BitCoin

Plattsburgh City Hall
WAMC Photo

After nearly a year, the City of Plattsburgh has ended a moratorium on new or expanded cryptocurrency operations in the city.

Plattsburgh City Hall
WAMC Photo

The city of Plattsburgh has ended its moratorium on new cryptocurrency operations in the city.

Plattsburgh Common Council 2019
Pat Bradley/WAMC

An update now to a story we’ve been following for months: the Plattsburgh Common Council has tabled a resolution that would lift a moratorium on new cryptocurrency mining operations within the city.

Plattsburgh City Council considers cryptocurrency regulations
Pat Bradley/WAMC

In March, Plattsburgh officials imposed an 18-month moratorium on new cryptocurrency operations in the city.  Last night, the Common Council adopted a local law placing regulations on such operations – but did not end the moratorium.

Bitcoin,  a form of cryptocurrency
Pixabay/Public Domain

Northern New York is a prime location for Bitcoin miners and block chain technology because of its low electric rates.  But a number of communities have imposed moratoriums on new cryptocurrency operations because their use of electricity is so intensive.  With such a potential lucrative and emerging technology facing challenges, the Adirondack North Country Association is sponsoring a summit at SUNY Plattsburgh today to explore the new industry’s impacts and potential.

Plattsburgh Mayor Colin Read
Colin Read for Mayor/Facebook

The city of Plattsburgh came under national and international scrutiny recently when city officials decided to place an 18-month moratorium on cryptocurrency operations.  The Bitcoin miners were using so much of the city’s cheap electricity that its quota was breached and residents’ rates went up.  Mayor Colin Read says a couple subcommittees are looking at various aspects related to the new industry.

IQOption Blog

Our tech guru Jesse Feiler joins us this morning as we discuss the wild worlds of Blockchains and Cryptocurrency.

Jesse Feiler is an app developer, author, and consultant specializing in small business and nonprofit organizations. His most recent books are “The Nonprofit Risk Book: Finding and Managing Risk in Nonprofits and NGOs” written with Gail B. Nayowith and “Learn Computer Science with Swift.” His most recent apps are “CyberContinuity,” a free app to learn about your vulnerabilities and “The Nonprofit Risk App,” a companion to the book.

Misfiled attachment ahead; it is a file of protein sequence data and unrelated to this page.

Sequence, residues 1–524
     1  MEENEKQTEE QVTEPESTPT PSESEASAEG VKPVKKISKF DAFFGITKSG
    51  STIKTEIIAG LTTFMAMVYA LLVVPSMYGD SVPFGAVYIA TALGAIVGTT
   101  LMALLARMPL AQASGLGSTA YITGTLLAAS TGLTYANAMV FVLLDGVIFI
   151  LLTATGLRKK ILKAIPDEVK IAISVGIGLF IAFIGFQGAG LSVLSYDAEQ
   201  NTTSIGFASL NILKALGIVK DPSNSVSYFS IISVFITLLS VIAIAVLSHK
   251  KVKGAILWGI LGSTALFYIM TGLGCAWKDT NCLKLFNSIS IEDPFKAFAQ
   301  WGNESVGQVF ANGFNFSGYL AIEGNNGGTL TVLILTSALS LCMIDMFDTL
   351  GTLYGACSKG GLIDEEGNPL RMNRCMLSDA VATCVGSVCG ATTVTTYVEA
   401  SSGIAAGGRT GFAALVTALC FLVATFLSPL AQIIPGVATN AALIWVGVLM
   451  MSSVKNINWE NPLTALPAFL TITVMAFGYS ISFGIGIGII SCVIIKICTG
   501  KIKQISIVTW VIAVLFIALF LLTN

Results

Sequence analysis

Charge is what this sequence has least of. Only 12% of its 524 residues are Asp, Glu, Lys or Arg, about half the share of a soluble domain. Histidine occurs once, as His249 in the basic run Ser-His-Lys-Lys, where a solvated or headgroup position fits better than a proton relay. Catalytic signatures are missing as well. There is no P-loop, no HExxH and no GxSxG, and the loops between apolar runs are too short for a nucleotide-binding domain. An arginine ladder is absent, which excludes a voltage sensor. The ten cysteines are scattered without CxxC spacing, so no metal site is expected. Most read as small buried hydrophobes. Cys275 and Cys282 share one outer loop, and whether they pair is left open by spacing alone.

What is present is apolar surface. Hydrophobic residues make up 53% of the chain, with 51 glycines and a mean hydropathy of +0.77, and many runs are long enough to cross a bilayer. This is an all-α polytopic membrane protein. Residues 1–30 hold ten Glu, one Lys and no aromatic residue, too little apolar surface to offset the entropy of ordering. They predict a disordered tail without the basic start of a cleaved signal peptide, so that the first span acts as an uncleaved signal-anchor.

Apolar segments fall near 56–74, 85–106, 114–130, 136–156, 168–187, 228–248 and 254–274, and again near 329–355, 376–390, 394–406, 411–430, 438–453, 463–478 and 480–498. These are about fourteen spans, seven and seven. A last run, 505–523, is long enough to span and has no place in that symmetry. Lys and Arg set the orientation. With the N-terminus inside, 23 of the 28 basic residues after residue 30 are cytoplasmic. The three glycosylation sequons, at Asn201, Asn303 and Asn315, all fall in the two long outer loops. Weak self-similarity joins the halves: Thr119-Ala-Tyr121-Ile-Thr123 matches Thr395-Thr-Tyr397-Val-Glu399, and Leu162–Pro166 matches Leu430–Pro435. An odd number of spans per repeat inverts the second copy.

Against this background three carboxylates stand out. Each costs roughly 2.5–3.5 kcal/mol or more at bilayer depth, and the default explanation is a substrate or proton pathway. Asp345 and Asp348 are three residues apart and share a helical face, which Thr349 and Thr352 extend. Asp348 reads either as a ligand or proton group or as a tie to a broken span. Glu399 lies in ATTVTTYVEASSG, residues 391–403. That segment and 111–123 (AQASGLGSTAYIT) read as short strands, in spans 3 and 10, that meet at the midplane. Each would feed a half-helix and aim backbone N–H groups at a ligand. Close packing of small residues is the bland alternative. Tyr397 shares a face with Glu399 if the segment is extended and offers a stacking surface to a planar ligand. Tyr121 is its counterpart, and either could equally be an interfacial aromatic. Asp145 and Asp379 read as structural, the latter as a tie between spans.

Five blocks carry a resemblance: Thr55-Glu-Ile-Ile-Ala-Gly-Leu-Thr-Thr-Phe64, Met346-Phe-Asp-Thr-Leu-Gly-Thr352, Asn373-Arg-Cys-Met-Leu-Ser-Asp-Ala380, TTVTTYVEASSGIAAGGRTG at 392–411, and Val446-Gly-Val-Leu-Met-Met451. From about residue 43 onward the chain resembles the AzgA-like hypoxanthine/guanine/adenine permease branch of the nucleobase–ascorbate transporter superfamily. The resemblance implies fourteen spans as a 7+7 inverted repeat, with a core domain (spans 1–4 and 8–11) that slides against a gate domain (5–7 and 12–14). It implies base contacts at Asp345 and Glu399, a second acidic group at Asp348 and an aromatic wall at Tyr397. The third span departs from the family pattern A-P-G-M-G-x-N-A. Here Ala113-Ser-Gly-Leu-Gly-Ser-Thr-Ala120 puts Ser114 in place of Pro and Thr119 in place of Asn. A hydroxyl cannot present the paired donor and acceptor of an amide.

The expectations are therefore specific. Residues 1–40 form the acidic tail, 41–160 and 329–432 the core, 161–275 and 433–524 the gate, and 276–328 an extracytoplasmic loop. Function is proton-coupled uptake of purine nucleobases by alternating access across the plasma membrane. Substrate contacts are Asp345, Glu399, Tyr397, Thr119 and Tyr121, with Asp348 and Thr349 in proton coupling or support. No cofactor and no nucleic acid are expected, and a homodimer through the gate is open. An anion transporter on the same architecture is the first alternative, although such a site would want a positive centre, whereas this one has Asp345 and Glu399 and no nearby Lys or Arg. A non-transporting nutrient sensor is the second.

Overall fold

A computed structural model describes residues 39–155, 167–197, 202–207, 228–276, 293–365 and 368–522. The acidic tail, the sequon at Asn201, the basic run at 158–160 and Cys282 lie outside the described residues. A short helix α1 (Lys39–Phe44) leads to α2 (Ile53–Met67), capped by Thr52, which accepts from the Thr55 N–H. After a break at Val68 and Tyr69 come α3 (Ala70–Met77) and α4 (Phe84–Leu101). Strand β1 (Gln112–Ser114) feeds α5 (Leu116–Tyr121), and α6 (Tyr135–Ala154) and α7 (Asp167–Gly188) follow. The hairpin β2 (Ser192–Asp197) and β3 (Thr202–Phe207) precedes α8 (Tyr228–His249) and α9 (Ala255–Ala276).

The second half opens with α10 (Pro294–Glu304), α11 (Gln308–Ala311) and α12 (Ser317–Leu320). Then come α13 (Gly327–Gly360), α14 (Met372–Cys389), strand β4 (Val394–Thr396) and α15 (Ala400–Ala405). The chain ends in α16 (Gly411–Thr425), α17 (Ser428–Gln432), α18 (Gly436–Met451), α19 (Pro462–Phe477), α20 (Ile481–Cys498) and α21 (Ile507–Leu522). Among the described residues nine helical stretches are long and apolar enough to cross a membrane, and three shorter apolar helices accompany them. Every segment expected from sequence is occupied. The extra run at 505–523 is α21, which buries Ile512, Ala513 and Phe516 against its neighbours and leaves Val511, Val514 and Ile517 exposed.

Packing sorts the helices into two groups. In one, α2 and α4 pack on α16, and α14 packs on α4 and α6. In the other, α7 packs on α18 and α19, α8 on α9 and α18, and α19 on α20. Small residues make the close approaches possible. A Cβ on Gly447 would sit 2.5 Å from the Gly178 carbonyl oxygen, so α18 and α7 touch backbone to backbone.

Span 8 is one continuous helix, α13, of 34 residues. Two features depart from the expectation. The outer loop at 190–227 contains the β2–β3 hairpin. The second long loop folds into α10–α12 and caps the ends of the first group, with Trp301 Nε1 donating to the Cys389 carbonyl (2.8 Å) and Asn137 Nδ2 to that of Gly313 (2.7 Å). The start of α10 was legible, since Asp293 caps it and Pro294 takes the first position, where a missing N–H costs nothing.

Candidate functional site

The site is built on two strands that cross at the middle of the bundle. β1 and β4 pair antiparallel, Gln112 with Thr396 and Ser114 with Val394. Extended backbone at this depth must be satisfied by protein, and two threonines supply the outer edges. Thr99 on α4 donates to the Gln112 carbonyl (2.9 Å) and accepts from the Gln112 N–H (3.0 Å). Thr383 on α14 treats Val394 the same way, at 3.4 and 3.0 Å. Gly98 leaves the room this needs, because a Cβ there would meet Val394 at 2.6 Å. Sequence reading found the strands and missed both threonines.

Plattsburgh City Council considers cryptocurrency moratorium
Pat Bradley/WAMC

The Common Council chambers were packed Thursday evening as Plattsburgh leaders considered a moratorium on new cryptocurrency operations in the northern New York city.

Bitcoin,  a form of cryptocurrency
Pixabay/Public Domain

By now, you’ve probably heard of—and maybe even invested in — the online currency BitCoin.  But how are the cryptocurrencies made?  Apparently by using a lot of electricity.  In Plattsburgh, where there are low electric rates and a couple cryptocurrency entrepreneurs are sucking up lots of power, the mayor is proposing a law to curb the practice.

WAMC photo by Dave Lucas

As the August 8 deadline to apply for a BitLicense in New York passed, Bitcoin startups statewide began pulling up stakes, saying New York isn’t open for business  as far as alternative digital currencies are concerned.

WAMC photo by Dave Lucas

New York regulators have granted their first charter under the state's banking law for a commercial exchange for virtual currency to itBit Trust Company LLC, allowing it to begin operating immediately. The Bitcoin exchange is based in New York City.

Department of Financial Services Superintendent Ben Lawsky says they've sought to establish rules to protect consumers and provide regulatory certainty for entrepreneurs. He says the technology behind Bitcoin and other virtual currencies could hold real promise.

zoopley/flickr

A Capital Region Coffee Shop owner left his business to pursue a full-time career in digital currency.

Launched in 2009, Bitcoin predates both Apple Pay and Google Wallet. It's an internet-based, decentralized digital currency.  Paul Paterakis' Clinton Square coffee shop was home to the first Bitcoin ATM in New York - which is still there in the space now occupied by The French Press Cafe & Creperie.    "We got known for Bitcoin more than our coffee."

wikipedia

New York regulators have proposed establishing a framework for commerce in virtual currency that would apply to firms involved in receiving, transmitting and storing it, as well as retail conversions.  The proposal by the Department of Financial Services would establish a so-called "BitLicense."

Merchants and consumers who use the virtual currency Bitcoin and others solely to buy and sell goods and services wouldn't need a license. However, those buying and selling virtual currency as a business would.